Canna is low and quite fertile compared with Rum, and lying to the west escapes much of the rainfall. Walking through a wet meadow full of buttercups and clover it is the silence that I find so remarkable: it has depth and spaciousness through which the cry of a lamb, the call of an oystercatcher, the twittering of woodland birds, even the sense of my own heartbeat, are all thrillingly clear.

Steve’s call, “Peter!” is almost shocking as it cuts through. I turn to see him pointing high up in the crags. Following his pointing arm I see an eagle, flapping hard to gain height and avoid the mobbing crows. It then soars across toward Compass Hill, circles for a while, then seems to swoop down so we lose sight of it against the hillside.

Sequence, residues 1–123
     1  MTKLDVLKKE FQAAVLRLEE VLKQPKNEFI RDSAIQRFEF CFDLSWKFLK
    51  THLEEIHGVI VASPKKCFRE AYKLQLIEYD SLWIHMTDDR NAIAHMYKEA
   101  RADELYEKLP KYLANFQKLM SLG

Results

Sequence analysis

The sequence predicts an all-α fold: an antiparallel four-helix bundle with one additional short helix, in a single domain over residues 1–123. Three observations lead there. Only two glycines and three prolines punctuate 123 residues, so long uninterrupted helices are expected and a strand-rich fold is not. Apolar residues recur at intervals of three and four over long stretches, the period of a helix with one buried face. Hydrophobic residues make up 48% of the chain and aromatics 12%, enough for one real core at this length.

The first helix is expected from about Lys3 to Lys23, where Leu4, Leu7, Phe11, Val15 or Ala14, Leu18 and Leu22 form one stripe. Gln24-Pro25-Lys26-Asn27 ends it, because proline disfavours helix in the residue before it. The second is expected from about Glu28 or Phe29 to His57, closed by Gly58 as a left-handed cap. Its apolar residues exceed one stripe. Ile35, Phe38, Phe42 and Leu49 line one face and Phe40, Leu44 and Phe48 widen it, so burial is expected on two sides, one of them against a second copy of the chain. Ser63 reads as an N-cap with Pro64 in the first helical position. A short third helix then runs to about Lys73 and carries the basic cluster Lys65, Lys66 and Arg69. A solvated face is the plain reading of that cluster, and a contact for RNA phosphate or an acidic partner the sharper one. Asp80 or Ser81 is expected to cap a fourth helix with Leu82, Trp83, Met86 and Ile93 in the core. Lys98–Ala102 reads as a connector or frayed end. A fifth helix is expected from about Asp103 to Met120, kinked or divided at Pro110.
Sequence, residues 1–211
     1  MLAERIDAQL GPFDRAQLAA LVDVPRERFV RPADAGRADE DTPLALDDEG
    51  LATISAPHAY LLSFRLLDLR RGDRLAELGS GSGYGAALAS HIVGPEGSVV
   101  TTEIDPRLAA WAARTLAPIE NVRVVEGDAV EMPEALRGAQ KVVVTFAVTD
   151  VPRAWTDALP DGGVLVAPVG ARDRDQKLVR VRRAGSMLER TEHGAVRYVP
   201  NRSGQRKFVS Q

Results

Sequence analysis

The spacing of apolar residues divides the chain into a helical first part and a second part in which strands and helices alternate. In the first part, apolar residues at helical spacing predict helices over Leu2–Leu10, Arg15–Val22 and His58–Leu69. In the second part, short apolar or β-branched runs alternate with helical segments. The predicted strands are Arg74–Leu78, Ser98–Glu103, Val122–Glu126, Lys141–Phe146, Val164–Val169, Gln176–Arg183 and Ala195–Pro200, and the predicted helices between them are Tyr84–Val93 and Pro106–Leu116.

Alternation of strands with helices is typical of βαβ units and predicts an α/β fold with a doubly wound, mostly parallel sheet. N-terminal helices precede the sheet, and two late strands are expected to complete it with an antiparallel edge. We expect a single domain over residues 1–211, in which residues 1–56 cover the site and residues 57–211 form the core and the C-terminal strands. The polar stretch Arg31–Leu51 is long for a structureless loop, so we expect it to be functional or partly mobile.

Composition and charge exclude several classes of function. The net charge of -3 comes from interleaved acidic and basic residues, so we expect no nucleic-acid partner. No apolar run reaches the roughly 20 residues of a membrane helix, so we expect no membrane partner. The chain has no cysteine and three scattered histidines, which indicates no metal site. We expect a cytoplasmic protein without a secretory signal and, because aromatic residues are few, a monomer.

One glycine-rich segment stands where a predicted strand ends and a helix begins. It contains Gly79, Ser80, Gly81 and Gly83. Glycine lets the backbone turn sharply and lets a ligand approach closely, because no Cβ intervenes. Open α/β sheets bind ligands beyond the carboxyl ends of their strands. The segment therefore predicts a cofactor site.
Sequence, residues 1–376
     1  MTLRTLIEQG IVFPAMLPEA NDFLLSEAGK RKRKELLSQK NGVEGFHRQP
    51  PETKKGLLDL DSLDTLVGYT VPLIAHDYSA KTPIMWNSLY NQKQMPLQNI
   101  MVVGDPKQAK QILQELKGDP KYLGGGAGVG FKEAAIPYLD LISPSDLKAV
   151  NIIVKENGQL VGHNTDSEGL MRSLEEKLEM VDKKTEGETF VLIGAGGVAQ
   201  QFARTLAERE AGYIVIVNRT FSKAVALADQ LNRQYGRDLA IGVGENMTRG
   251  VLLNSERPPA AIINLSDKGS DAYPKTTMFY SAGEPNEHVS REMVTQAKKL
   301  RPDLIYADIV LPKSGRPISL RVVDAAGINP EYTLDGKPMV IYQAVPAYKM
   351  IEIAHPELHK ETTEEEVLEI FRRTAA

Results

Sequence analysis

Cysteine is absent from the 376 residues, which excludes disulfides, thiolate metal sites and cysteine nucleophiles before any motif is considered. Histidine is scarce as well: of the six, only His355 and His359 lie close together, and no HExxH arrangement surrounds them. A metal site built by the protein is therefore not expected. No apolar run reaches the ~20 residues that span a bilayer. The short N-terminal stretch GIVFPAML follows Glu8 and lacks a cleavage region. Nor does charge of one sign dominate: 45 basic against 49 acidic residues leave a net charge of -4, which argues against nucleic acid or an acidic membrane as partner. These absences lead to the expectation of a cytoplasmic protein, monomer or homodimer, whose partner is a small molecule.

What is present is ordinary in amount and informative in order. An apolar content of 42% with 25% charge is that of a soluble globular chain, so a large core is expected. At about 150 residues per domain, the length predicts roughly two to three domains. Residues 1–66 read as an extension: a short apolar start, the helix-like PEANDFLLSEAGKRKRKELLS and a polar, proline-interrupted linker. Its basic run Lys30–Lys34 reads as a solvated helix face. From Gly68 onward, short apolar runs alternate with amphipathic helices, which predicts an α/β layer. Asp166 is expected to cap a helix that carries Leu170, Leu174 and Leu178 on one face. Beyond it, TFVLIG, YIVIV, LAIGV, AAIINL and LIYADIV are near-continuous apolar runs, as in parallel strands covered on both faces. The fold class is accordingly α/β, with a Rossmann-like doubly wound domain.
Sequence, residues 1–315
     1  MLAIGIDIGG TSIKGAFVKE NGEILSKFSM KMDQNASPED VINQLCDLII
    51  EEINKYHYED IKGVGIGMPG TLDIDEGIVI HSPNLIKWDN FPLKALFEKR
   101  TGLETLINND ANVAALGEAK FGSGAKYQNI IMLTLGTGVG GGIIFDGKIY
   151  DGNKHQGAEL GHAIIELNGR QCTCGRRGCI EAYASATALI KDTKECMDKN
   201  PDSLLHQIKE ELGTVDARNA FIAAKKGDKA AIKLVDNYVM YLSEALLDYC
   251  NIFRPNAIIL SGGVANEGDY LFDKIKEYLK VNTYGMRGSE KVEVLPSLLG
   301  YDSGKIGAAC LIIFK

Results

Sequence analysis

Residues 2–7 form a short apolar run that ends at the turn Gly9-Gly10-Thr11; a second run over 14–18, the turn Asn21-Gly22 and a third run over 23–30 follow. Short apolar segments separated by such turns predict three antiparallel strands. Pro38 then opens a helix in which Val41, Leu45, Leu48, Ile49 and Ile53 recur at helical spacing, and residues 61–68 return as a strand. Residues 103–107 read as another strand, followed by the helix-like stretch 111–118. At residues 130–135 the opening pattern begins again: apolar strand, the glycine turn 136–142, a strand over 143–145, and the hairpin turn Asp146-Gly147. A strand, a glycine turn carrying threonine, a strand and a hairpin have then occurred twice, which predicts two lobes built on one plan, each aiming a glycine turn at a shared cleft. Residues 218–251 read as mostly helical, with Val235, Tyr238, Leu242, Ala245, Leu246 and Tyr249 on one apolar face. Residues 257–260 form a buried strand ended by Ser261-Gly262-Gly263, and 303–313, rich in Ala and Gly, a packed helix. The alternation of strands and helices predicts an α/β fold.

Later, we walk across the machair on Sanday among a profusion of wildflowers to look across the Sound of Canna to the steep cliffs at the west side of Rum. The rain has blown through and the air is marvelously clear, and looking back we have a clear view of the basalt terraces of Canna and beyond the west coast of Skye

Among basalt outcrops
Spotted orchid, ragged robin–
Mind the heavy footfall!

Blogs posted courtesy of Cafe Canna–most thoroughly recommended!

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